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Journal of Solution Chemistry

, Volume 46, Issue 6, pp 1272–1283 | Cite as

Stability Constants and Spectroscopic Properties of Thorium(IV)–Arsenazo III Complexes in Aqueous Hydrochloric Medium

  • Seonggyu Choi
  • Jun-Yeop Lee
  • Jong-Il YunEmail author
Article

Abstract

The complexation characteristics of thorium–arsenazo III in the range of 1–6 mol·L−1 hydrochloric acid media were investigated by UV–Vis absorption spectroscopy and computational analysis. The chemical equilibrium model of thorium–arsenazo III complexation was established including the species distribution of arsenazo III, the formation of thorium chloride species, and the release of protons from thorium–arsenazo III complexes. In the spectra of thorium–arsenazo III complexes, two characteristic absorption peaks were observed at 610 and 660 nm, and the latter peak showed a tendency to shift about 4 nm to higher wavelength as the acidity of the hydrochloric acid media increased from 1 to 6 mol·L−1. Analysis of the experimental data indicates that the molar absorptivities of both 1:1 and 1:2 complexes (thorium to arsenazo III) steadily increase as the acidity of medium increases. The determined stability constants of 1:1 and 1:2 complexes at various concentrations of hydrochloric acid were extrapolated to zero ionic strength, based on the specific ion interaction theory (SIT) approach. The limiting stability constants were determined to be \( { \log }_{10} \beta_{11}^{\text{o}} \) = 8.56 ± 0.13 and \( {\log}_{10} \beta_{12}^{\text{o}} \) = 15.17 ± 0.18 with ion interaction coefficients of Δε 11 = –0.57 ± 0.02 kg·mol−1 and Δε 12 = –0.60 ± 0.04 kg·mol−1, respectively.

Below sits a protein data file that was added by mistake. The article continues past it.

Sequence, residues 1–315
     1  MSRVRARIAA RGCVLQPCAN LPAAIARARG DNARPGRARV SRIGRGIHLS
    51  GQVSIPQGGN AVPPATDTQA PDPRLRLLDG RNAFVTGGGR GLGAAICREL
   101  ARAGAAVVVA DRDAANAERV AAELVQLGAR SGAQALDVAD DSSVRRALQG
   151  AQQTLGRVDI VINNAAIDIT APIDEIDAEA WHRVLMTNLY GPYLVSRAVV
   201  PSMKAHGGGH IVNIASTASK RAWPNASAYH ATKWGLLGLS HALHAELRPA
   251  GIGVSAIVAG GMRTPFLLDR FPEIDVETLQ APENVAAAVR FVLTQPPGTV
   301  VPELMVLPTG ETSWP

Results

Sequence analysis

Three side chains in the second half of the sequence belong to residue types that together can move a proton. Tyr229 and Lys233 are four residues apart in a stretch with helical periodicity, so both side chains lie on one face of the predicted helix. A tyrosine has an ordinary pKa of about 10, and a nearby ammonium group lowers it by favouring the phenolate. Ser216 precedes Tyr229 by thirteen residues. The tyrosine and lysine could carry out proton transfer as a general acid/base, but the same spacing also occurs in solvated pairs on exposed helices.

Keywords

Thorium Arsenazo III Stability constant Ion interaction coefficient Spectrophotometry Computational analysis 

Notes

Acknowledgement

This work was supported by the BK21 PLUS program, Basic Science Research Program through the National Research Foundation of Korea (NRF) funded by the Ministry of Science, ICT & Future Planning (NRF-2016R1A5A1013919), and the Nuclear Safety Research Program through the Korea Foundation of Nuclear Safety (KOFONS), and granted financial resource from the Nuclear Safety and Security Commission (NSSC), Republic of Korea (No. 1305032).

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Copyright information

© Springer Science+Business Media New York 2017

Authors and Affiliations

  1. 1.Department of Nuclear and Quantum EngineeringKAISTDaejeonRepublic of Korea
  2. 2.Institute for Nuclear Waste Disposal, Karlsruhe Institute of TechnologyKarlsruheGermany

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